“We’re getting so many students who come back and say, ‘I wasn’t totally sure what I was getting into when I was in this program. I just knew that every week I felt really seen and a sense of belonging in class,’” said Brian LaDuca, executive director of Dayton’s Institute of Applied Creativity for Transformation.
Dennison University has made mentorship a central part of its undergraduate experience, in part through “advising circles,” which are one-credit classes that help in the transition to college and introduce students to a professor early on.
Pomona College has developed a series of “Academic Cohorts” in different disciplines for first-generation and low-income students, which the college credits to higher persistence rates for underrepresented minority students in STEM.
The bottom line: Faculty are critical to students finding a sense of belonging and purpose in college.
But at many institutions the first faculty members that students come in contact with are often part-time, contingent instructors “in charge of large introductory courses that are extremely challenging to teach,” writes the Chronicle of Higher Education’s Beth McMurtrie in an article this week about why faculty often ignore the research on how to improve their teaching.
Improving the student experience after the pandemic means rethinking the faculty model and incentives for research and service at many universities—a third-rail in the world of academic politics that most college presidents (already beset with a list of challenges) don’t want to touch.
It also means reconceiving spaces on campus where students gather or can more easily meet faculty and advisors. “Literally, just go around the campus and see the places that really work,” Chambliss said, “and build on that or expand it, or at least be sure nobody kills them off.”
After a year of remote and hybrid learning, colleges and universities must find ways to keep students engaged and connected. Read about the latest trends in enrollment, retention, and transfer rates and how to help students access support services as well as foster an environment of diversity, equity, and inclusion. Read the report now.
Higher Ed Trend-Spotting, 2022
So I won’t make predictions for the year ahead, but I did recently poll my LinkedIn followers on the trends they’re watching in 2022. Since LinkedIn limits how many items you can have in a poll, also read the comments to the post.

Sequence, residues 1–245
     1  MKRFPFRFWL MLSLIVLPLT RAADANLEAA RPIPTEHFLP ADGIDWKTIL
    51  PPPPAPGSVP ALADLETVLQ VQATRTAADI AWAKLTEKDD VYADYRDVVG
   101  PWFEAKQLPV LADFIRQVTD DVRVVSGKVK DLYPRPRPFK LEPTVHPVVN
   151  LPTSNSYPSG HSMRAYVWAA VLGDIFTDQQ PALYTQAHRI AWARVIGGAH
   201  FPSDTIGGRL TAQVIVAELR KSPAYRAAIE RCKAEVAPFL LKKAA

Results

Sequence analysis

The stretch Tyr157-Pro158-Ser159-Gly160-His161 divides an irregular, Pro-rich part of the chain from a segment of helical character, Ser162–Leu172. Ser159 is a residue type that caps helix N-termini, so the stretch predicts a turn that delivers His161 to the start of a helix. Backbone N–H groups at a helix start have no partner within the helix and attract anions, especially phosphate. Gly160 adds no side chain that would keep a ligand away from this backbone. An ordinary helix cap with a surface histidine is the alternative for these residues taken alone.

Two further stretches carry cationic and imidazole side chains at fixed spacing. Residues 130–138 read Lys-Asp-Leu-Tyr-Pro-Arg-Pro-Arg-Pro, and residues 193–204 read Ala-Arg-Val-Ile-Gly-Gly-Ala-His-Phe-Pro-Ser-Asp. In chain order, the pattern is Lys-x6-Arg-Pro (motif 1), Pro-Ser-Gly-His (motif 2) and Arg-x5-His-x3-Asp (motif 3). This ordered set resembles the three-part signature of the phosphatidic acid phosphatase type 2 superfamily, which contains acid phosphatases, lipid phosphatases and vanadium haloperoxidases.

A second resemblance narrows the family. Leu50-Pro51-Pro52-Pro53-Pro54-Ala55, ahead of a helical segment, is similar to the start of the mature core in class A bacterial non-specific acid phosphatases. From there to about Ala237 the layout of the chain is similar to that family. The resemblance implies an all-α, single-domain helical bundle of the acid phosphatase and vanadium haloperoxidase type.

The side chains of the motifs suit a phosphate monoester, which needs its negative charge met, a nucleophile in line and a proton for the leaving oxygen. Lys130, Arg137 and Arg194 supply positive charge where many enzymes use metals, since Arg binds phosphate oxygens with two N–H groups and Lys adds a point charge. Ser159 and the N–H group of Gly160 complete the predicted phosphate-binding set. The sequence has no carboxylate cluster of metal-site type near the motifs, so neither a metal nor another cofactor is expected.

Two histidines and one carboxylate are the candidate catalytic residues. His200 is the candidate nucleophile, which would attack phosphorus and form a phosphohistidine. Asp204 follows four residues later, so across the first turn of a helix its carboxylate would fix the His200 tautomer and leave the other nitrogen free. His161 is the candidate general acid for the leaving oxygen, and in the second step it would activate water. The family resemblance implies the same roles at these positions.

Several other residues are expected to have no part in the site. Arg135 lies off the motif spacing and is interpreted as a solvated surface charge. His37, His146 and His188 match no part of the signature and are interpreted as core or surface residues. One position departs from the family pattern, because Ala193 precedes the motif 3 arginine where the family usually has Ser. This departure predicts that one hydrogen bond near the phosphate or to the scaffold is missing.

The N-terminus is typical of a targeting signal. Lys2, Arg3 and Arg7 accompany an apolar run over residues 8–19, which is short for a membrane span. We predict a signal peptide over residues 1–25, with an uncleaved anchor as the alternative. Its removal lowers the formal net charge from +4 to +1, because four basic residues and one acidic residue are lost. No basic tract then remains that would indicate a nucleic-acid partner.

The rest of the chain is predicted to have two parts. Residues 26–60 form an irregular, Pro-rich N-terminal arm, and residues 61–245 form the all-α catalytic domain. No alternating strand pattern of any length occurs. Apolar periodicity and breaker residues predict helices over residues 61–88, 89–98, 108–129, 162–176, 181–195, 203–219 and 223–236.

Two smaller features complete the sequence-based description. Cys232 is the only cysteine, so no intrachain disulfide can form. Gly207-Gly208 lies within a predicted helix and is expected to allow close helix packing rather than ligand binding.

In addition to these three issues, here’s what else I’m watching:
Institutional transformation: The pandemic gave colleges space to experiment with everything from online learning to remote work to new academic calendars. The big story of the year is what from the pandemic will stick for the long run and how will institutional leaders use this moment to push for further changes to the financial model of higher education.
Federal aid: The $70 billion provided by the federal government to higher education in Covid reliefpackages will run out in 2022, putting pressure onuniversities to cut costs or develop new revenuestreams quickly. The result: a fiscal cliff for institutions that were already living on the edge pre-Covid. Will more campuses merge or close?
Presidents: The early days of 2022 have already seen some presidents step down at Elizabethtown College in Pennsylvania (effective immediately) and the University of Florida (at the end of the year). Given the political divide in this midterm election year, fatigue over leading campuses through a pandemic, and the end of Covid aid, expect a wave of presidential departures this year.
Admissions testing: Stanford and Harvard led the way at the end of 2021 by extending their test-optional policies in admissions. What I’ll be watching for in 2022 is how many institutions return to a testing requirement, and if test-optional policies at selective colleges reduces the number of students taking the ACT/SAT overall (which in the past it hasn’t).
Research: Will Covid-19 produce a surge in funding for biomedical research? The last huge increase in the budget of the National Institutes of Health was two decades ago when Congress doubled the budget of the agency over five years in the hopes that it would lead to new treatments for some of the most serious diseases.
David Leonhardt in his morning email newsletter looks at the cost of Covid to American schoolchildren. He writes: “For the past two years, large parts of American society have decided harming children was an unavoidable side effect of Covid-19…but the approach has been less defensible for the past year and a half.”
What’s happening in K-12—behavior, mental health, academics—will show up on college campuses for years to come. Will that change what students look for in terms of safety and well-being when searching for a college? That’s one of the issues addressed in this white paper from Vector Solutions.
In the final weeks of 2021, the University of Southern California, LSU, and the University of Miami among others showered tens of millions of dollars and lots of perks on new football coaches (24/7 access to a private jet for the USC coach and his family). As Kevin Carey writes “the amount of money sloshing around college sports right now makes corruption unavoidable. Every president, dean, and director who pretends otherwise is living on borrowed time.”